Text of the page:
My advisor also worked on creating antimatter traps at government labs, but none of the projects had any kind of defense related purposes.
There are only a handful of interesting research questions about antimatter that exist at reasonable scales. Most of those are either fundamental physics or medical in nature.
EDIT: Looks like there has been some Air Force funding for positron traps for defense purposes. Never underestimate the insanity of some generals. I think my physics comments still stand, though.
(Comments like this make me want to stop reading Hacker News.) Just because the "gunpowder" is expensive doesn't stop the production of containment vessels or delivery mechanisms:
Additionally, "antimatter" can include positrons, which are much cheaper to produce than antiprotons.
Your advisor may not have been involved in all imaginable projects related to antimatter.
Along with research into directly producing weapons, antimatter can also be used to initiate (micro)fusion, and has been researched for space travel:
A pure (or high percentage) positron weapon would be very hard to handle. The repulsive forces would be enormous. As in we have a hard time containing the equivalent mass of electrons. And that's without worrying about annihilation.
And really, I think RK's response was spurred on more by rubypay's tone/phrasing. The original phrasing easily sounds like we're on the verge of practical anti-matter weapons. Which we're not.
If that's not trolling, I don't know what is. I will remind the gentle readers that I even edited my post (with a tag) for correctness almost immediately.
Just because the "gunpowder" is expensive doesn't stop the production of containment vessels or delivery mechanisms:
Actually that's exactly why such a project doesn't make sense. Kind of like building a fancy castle to put your Holy Grail in before you've found it. Read any of the articles or commentaries based on actual science, they say that such a weapon is so far fetched from an engineering stand point, that it's not worth pursuing.
Or the same wikipedia article you linked:
Thank you for ignoring my edit.
I'm not saying that any of this is impossible, just that it's horribly impractical, needing probably an order(s?) of magnitude more than Manhattan Project level of effort.
I wish the energy supply rationale were the real motivating factor for funding here.
I hope, the only thing these are being designed for is some gamma-ray laser for a new ground based Star Wars system and not as an actual munition of any sort. The complications are astronomical, especially given that gamma-rays are the EMP-producing portion of a nuclear reaction. An positron trap light enough to be contained in a weapon going off without a tamper to produce an explosion from the gamma-ray heating could be devastating for a modern society.
I'd never call playing god with this shit, I call playing stupid.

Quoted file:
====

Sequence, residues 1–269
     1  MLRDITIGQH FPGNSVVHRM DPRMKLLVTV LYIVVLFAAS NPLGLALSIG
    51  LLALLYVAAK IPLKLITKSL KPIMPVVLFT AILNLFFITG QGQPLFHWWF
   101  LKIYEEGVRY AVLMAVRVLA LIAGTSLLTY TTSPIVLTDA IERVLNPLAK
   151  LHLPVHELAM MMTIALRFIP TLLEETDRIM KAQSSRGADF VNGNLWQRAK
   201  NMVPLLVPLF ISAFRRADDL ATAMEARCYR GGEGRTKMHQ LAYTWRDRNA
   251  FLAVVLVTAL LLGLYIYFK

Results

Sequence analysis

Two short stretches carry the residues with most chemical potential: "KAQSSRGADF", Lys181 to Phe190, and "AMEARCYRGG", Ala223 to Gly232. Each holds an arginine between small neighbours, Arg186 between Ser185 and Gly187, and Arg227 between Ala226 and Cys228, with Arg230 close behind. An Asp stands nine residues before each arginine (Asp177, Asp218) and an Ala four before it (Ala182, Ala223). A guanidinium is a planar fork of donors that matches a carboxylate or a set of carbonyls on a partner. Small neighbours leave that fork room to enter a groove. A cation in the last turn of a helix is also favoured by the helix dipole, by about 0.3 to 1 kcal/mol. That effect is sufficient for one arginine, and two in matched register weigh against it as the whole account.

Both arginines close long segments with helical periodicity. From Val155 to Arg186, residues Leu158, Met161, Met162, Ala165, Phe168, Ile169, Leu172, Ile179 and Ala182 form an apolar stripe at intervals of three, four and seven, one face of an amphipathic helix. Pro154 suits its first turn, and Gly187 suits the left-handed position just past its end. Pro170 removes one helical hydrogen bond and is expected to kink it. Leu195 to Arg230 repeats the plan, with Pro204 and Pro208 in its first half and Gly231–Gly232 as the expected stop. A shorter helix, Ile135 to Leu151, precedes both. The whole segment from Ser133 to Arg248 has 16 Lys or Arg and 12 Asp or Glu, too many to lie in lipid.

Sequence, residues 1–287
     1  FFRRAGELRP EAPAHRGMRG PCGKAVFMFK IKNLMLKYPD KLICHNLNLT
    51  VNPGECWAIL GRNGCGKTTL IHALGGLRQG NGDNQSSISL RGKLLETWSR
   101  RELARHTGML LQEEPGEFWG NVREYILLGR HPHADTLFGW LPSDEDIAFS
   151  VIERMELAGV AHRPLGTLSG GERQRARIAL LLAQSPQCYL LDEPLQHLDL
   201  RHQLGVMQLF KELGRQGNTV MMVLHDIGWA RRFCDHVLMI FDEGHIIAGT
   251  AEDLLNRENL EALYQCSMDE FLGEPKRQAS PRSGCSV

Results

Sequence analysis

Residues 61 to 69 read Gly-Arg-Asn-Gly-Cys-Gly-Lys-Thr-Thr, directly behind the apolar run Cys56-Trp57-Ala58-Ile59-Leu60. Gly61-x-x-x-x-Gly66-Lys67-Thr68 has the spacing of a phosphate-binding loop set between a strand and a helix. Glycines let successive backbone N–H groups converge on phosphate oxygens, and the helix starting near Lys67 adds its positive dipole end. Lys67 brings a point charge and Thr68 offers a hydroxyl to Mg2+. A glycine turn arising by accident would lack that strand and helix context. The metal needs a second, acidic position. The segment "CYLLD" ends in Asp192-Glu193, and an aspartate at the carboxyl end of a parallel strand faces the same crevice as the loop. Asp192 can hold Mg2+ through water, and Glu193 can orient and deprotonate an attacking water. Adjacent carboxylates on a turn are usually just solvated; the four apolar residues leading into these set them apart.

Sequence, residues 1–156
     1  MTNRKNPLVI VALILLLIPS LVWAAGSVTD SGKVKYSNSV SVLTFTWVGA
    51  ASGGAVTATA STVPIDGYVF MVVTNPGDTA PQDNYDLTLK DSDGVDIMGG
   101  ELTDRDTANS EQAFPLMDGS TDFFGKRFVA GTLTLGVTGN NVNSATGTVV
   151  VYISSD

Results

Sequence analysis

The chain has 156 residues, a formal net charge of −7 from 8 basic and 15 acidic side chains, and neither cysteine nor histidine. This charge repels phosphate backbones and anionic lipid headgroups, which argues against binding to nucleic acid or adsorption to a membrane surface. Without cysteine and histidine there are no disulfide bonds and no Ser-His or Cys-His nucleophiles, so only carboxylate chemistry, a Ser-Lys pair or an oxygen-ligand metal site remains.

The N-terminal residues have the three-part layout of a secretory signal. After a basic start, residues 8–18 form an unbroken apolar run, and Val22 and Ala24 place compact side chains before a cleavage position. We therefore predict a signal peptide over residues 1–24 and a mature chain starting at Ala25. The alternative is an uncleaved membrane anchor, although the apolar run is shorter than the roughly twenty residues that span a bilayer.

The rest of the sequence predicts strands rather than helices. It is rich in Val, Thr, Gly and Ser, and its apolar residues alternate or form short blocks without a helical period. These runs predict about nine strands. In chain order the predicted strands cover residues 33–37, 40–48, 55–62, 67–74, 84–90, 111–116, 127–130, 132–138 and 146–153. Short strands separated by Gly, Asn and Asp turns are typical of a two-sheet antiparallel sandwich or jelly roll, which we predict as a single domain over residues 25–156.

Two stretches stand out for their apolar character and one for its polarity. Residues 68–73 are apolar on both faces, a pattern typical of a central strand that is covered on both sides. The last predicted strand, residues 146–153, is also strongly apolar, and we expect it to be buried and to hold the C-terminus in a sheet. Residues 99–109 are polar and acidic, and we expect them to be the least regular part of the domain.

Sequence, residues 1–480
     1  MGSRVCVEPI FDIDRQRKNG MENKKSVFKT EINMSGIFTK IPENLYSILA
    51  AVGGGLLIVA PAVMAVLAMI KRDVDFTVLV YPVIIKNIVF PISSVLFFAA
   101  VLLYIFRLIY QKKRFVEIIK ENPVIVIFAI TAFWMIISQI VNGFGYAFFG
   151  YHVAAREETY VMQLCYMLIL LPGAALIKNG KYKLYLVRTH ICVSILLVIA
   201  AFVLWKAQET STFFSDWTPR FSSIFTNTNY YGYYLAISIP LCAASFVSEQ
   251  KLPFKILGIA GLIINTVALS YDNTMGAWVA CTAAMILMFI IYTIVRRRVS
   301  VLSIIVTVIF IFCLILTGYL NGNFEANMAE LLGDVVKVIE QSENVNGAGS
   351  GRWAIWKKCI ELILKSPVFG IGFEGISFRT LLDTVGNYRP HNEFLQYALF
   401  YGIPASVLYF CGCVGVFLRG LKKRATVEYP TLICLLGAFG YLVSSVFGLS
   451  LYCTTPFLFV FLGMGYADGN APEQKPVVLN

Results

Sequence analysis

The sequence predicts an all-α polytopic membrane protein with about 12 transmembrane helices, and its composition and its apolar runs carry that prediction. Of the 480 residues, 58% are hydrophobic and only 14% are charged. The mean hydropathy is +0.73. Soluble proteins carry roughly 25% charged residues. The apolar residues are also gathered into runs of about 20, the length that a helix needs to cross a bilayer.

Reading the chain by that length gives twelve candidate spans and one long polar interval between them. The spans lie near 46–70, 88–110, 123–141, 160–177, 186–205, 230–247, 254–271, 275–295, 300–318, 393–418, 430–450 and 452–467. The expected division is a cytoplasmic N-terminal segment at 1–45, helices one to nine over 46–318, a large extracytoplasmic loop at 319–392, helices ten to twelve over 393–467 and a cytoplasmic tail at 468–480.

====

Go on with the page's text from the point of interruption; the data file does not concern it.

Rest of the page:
I would guess that a antimatter bomb would have to a similar design to fission or multi-stage devices where things are held together long enough by implosion for a significant proportion of the fuel to react.
So then the argument turns into critical mass vs. critical structure mass.
Anyways, the technique they used is much more interesting than the fact that it's antimatter. Of course, CERN still has to play the PR game too just like anybody else, and I don't fault them for that.
However, the real benefit to using anti-matter in munitions would be as a catalyst, not necessarily as a primary source of energy.
Consider a conventional multi-stage thermonuclear weapon, conventional explosives compress a fission primary bomb which goes off and serves as an x-ray light-bulb inside a radiation channel to provide ablative compression of the fusion secondary which, with the aid of a fission bomb "spark plug" ignites a self-sustaining fusion reaction. If you had significant quantities of anti-matter available you could change this design significantly. In the simplest design you could replace the primary with perhaps a single gram or less of anti-matter. Saving significant amounts of weight and also possibly allowing for much smaller thermonuclear weapons. More so, it may be possible with anti-matter to completely remove the need for fissile components in thermonuclear warheads. This could be useful in civilian applications (in an Orion drive spacecraft, for example).
Also, assuming it is positrons, I'd imagine you might also have to worry slightly about relativistic background electrons and gamma rays/pair production, unless you're under 10ft+ of concrete. The extremely rare case that a 10^19 eV cosmic ray hits you head on sounds like an awesome way to possibly produce a spontaneous "detonation", or when some jokester thinks it's awesome to point a LINAC right at you.
If he has one now, he won't have it for much longer at this rate.